Allen, “a PT and nutrition coach in training” from Sydney, gained a legion of fans after documenting her fitness journey on Instagram.
But it was a photo posted earlier this month that catapulted her into the international spotlight, and resulted in a write up by Allure in the US.
Allen posted side-by-side photos, to demonstrate how easy it is to appear cellulite free in photos.
She captioned the unfiltered photo, saying “Just keepin’ it real with y’all #ihavecellulitetoo and it appears when I squeeze my butt & disappears with the simple act of slightly tilting my hips out!
“Don’t ever let instagram take away from your achievements, cause there’s a lot of editing, tilting, posing, angles, lighting and all the rest going on,” she continues.
“We alll do it ... just don’t beat yourself up if you feel like you see all these celluliteless peeps out there.
“We have to embrace and love our bodies as they are, whilst working towards our healthiest, strongest selves.”
The post was liked over 22,000 times and was met with a flood of supportive comments.
As Devon Ivies points out in Allure, Allen’s “same body, different angle”–type post is part of a popular genre among body-positive bloggers in recent months.
“To make a statement about what bodies really look like, more and more social media users are sharing revealing photos of themselves, from “transformation” selfies taken 12 hours apart to selfies of a stomach with and without supportive tights. The takeaway: While an Instagram may look “perfect,” the body in it isn’t — it’s real, and worth celebrating.”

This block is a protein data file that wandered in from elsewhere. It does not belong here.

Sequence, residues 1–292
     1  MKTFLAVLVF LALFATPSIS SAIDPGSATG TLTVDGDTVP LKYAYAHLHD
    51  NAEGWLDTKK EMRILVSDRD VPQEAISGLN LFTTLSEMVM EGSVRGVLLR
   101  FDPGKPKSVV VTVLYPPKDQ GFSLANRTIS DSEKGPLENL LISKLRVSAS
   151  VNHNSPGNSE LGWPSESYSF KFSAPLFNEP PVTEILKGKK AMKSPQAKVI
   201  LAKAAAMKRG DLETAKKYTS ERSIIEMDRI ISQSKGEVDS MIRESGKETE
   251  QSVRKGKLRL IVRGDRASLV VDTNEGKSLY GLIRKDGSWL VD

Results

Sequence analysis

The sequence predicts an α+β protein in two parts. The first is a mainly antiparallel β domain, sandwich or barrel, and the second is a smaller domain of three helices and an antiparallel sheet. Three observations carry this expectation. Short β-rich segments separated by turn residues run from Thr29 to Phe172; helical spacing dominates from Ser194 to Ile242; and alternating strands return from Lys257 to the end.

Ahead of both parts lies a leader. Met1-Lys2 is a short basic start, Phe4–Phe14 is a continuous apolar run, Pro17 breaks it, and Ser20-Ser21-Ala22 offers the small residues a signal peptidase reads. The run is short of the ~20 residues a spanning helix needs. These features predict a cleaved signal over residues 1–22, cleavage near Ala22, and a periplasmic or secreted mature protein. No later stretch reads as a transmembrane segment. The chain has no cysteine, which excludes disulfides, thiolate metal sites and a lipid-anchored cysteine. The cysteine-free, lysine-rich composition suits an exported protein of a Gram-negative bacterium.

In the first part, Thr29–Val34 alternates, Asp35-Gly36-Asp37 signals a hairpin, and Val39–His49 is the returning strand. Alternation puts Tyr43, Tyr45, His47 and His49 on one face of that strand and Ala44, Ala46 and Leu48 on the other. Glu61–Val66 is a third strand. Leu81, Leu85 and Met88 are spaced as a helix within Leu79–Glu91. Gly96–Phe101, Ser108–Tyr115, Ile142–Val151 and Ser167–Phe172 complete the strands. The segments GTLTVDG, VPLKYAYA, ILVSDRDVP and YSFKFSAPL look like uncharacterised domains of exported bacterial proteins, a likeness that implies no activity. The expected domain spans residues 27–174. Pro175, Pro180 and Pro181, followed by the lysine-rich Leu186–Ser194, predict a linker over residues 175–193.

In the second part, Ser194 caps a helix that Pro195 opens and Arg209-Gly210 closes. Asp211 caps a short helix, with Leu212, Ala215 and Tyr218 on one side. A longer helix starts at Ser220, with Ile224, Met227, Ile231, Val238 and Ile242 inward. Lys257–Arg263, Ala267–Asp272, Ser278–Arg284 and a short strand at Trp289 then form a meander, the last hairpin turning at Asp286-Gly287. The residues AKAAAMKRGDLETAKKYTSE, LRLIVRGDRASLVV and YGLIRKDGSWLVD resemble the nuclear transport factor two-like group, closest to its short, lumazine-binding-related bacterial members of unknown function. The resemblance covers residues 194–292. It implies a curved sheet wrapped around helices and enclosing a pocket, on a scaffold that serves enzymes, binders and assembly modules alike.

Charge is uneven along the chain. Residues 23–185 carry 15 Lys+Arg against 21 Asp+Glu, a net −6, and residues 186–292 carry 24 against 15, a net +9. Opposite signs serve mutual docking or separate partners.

Sara Puhto, a 20-year-old Finnish body blogger, has attracted over 110k followers by posting such photos. She went viral last month after sharing a series of split images to her social media page. On one side she has the typical Instagram-worthy perfect portrait — abs sculpted, booty round, mouth wide open and smiling. In the other, aptly titled “Real Life,” she keeps the same grin, but adopts a more natural stance — sitting, walking, standing normally. The difference is startling, which was Puhto’s point.
“If I saw the photo on the left a year ago I would’ve instantly thought so negatively about my body, that all my hard work from working out was non-existent, that if someone looked at me they would’ve never thought I’ve been working out for 2 years and think I wasn’t trying hard enough. But the thing is that all bodies look different. Nobody’s booty looks round and peachy from all angles. Nobody’s body looks the same from all angles.”...Read more